The pressure for change has never been greater in the London market, says Sue Copeman.
In any discussion on the London market, the word “change” crops up with inevitable regularity. This issue of Global Reinsurance, focusing on London market activities, is no exception. It is clear that all participants in the market, whether (re)insurers, brokers or clients, have new expectations. Stagnating property and casualty business, greater self-insured retentions by clients and strong competition are all contributing factors in the search for greater efficiency. There is also a common perception, certainly among some clients, that the London (re)insurance market has been slow in comparison to some other industries to exploit the opportunities and potential savings offered by today's technology.
Much has already been done to address the industry's changing needs. In the last 10 years, Lloyd's has virtually reinvented itself, most notably with the admission of corporate capital. The merger of the London Underwriters Association (LUA) and the London International Insurance and Reinsurance Market Association (LIRMA) at the beginning of last year produced a powerful market organisation in the shape of the International Underwriting Association (IUA). It also heralded the beginning of unprecedented co-operation between Lloyd's and its traditional rivals - London insurance companies - with both Lloyd's and the IUA now working together to create a better market environment.
It is crucial for the continued success of the London market that they succeed in this aim. Many of the (re)insurers that operate in London are foreign-owned. Indeed, around half of the 20 largest UK insurance groups, based on worldwide premiums, are controlled by foreign parents, while the Association of British Insurers (ABI) put foreign controlled insurers' share of the UK general insurance market (including Lloyd's) at nearly 33% in 1998, compared to just over 22% in 1989.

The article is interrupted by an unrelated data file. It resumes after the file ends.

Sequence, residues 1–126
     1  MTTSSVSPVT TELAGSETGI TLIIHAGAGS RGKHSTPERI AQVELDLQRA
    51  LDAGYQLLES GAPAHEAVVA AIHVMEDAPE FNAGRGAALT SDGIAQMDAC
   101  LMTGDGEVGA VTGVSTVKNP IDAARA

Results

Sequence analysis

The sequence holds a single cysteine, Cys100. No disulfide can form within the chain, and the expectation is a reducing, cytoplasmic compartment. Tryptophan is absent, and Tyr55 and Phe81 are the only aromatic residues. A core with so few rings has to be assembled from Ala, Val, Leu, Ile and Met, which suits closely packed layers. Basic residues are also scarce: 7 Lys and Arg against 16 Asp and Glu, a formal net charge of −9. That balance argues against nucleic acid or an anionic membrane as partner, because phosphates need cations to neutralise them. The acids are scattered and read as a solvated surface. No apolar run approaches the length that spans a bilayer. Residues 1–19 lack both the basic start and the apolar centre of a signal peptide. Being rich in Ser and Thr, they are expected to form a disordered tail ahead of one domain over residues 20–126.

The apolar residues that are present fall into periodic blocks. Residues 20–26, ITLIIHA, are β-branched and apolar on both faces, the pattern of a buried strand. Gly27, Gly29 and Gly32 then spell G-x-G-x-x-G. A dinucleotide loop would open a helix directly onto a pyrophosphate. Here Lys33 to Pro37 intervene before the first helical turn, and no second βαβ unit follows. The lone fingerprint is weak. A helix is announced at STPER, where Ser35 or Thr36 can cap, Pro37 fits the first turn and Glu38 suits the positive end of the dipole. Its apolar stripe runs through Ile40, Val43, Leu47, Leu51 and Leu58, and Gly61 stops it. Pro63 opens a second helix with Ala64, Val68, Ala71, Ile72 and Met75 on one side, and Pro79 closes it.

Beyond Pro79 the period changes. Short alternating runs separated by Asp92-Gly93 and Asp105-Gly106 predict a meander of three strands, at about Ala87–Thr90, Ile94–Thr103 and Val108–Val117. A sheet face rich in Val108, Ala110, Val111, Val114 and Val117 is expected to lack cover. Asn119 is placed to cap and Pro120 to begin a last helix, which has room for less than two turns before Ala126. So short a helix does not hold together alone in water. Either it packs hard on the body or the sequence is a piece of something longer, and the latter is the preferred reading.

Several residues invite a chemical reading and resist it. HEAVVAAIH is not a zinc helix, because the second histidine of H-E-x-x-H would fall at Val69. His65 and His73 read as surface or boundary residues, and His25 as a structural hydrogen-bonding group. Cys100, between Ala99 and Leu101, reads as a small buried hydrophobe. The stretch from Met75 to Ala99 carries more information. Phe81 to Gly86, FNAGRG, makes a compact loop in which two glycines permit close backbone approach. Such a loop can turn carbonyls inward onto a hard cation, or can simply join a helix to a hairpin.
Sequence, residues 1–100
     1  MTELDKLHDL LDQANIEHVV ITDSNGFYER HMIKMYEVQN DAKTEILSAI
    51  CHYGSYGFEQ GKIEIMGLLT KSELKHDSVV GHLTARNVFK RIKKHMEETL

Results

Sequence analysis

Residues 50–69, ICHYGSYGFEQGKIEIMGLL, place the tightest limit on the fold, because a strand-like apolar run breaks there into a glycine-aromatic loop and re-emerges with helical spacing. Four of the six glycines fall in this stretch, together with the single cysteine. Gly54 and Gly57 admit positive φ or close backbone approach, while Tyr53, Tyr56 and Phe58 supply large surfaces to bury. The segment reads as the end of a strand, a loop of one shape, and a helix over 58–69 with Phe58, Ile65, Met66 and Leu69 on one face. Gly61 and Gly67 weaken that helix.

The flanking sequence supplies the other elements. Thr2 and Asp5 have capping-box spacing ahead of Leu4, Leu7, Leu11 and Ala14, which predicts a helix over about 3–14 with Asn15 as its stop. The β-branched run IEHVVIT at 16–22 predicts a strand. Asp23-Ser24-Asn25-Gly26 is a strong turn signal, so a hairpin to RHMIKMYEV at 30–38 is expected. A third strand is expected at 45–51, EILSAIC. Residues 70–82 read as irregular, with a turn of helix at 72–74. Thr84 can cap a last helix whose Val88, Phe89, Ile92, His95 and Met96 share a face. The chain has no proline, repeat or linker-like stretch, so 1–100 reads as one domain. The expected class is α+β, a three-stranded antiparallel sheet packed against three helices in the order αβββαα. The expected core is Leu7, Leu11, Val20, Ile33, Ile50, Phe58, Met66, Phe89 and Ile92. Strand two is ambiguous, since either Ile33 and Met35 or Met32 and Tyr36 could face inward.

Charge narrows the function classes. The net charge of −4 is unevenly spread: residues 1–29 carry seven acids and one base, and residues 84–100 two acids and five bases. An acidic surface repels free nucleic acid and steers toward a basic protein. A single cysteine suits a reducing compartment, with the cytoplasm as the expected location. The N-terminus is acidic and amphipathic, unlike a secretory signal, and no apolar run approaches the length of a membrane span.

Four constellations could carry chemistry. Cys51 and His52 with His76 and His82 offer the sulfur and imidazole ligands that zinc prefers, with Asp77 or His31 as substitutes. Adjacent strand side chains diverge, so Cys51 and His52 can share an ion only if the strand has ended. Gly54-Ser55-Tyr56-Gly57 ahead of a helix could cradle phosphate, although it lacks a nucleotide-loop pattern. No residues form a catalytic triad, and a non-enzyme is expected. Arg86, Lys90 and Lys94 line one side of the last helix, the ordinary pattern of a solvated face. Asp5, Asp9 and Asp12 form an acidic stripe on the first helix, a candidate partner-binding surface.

While much of this foreign participation has come about through mergers and acquisitions involving British companies, it is also true that London attracts insurers from around the globe. In order to maintain its position as a leading world market, London must ensure that it is at the forefront of innovation, whether that involves developing new risk solutions or improving its own business processes.
Environment is all important. The London market is taking a hard and critical look at how it operates. “Re-engineering” and “refocusing” are words now frequently used. If improvements necessitate radical change, so be it.
The run-off market in London, once a relatively neglected area, is also focusing on change and achieving a stronger presence in market decision-making. While actively underwriting insurers are described as “live”, companies and business in run-off represent the “undead”. A quick burial and the hope that they will rest in peace are unrealistic. However, many people are now putting a great deal of thought into how a successful run-off can be achieved and the best tools for doing this.
While the need for more effective processes and systems is a continuing theme throughout all parts of the London market, most participants stress the importance of face-to-face contact. There are clearly fears that greater use of technology will lead to impersonal relationships.
One of the market's greatest strengths is that it provides an environment in which to forge close bonds not only between (re)insurers and brokers and brokers and clients but also, increasingly, between all three. It is unlikely to lose sight of this. Hopefully, automating mundane procedures and removing duplication of effort - both likely outcomes of future developments - will leave (re)insurers and brokers with more time to devote, not just to maintaining relationships, but also to developing the innovative solutions to problems for which London is justly renowned.
“Change is not made without inconvenience, even from worse to better.” These words, attributed to the 17th century writer Richard Hooker, may well sum up the situation in the London market in the next few years. However, the inconvenience will be only temporary - and the rewards are significant.
Sue Copeman is a freelance writer and researcher and a director of Insurance Research & Publishing Ltd.